Key Market is one of the deeper and more challenging games in the Key series of games. There are tough decisions to be made throughout the game, and players want to perform far more actions than they are allowed. This produces considerable angst, and forces players to ascertain their best options and pursue them fervently. There are also some nifty timing and race aspects to the proceedings. All of the games in the Key series have included clever ideas and force the players to make numerous difficult decisions. My two favorite games in the series are Key Town and Keythedral. I can now add Key Market to that list.
Opinionated Gamers opinions:
Andrea “Liga” Ligabue: I always liked Richerd Breese.
Nathan Beeler: While I largely enjoyed my handful of plays of Key Market (once we got the rules correct), I worry about long term replayability. The guilds and modular boards are clearly there to address this issue, but they didn’t seem to change things enough for me. Each successive game has had a nearly identical feel to the games I’d played before. This is not to say those games were unenjoyable; as Greg said it was engaging throughout. And perhaps in today’s world a handful of good plays is all you can expect to get out of a game. So in that sense, Key Market is a success for me. But I’m still not going to buy it.
Patrick Korner: I found much to like in Key Market. The concept of a worker placement game where your workers stay out for protracted lengths of time is interesting – depending on how much money you want to spend, you can keep them in the fields for a very long time, but that will ultimately limit how many of those workers can make it into the guilds, where you might get more back for your buck. I also like the way the game forces you to deal with Winter right in the middle of everything – if your economic engine can’t stand a round of nothing, then you’ll be in trouble. I liken it to sugar in the gas tank – once you clean things out again you’re fine, but there’s a good chance you’ll be dead in the water for a bit. I have played the game twice and haven’t worried about replayability too much, although it’s possible that more play will reveal the ‘samey’ quality that Nathan mentions above. For now, it’s an “I love it” from me.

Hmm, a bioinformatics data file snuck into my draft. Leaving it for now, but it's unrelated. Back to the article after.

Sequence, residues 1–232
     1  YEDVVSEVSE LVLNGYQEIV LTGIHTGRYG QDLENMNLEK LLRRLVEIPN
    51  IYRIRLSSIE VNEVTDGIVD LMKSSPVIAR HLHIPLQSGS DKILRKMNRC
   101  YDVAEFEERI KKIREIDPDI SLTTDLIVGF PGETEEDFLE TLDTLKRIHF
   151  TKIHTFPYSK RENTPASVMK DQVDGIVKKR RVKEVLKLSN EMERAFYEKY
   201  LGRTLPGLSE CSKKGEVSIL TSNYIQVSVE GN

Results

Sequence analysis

Larry Levy: I’ve only played this once and I’m pretty sure this is a hard game to judge after a only a single attempt, so put a little more stock in the views of the more experienced players. My first impression was that there was really nothing innovative in the design and the theme was mundane in the extreme. However, there are enough restrictions and a tight enough economy to make this an enjoyable game. I suspect the, uh, key is to come up with the proper mix of guild memberships. This seems a little odd, because there’s usually plenty of room for your workers at the guilds, but making sure that each worker pulls his weight and combines well with the crops you produce is probably the best way to approach the game. The game play can be a bit claustrophobic and there are times that I wish the design did a little bit more, but overall, this is a solid game. However, the fact that I haven’t gone out of my way to get in a second play indicates that this title hasn’t truly grabbed me, at least not yet.
Love it: Greg Schloesser, Patrick Korner, Mike Siggins
Like it: Nathan Beeler, Larry Levy, Jonathan Franklin, Tom Rosen
Neutral: Andrea “Liga” Ligabue, Joe Huber
Not for me: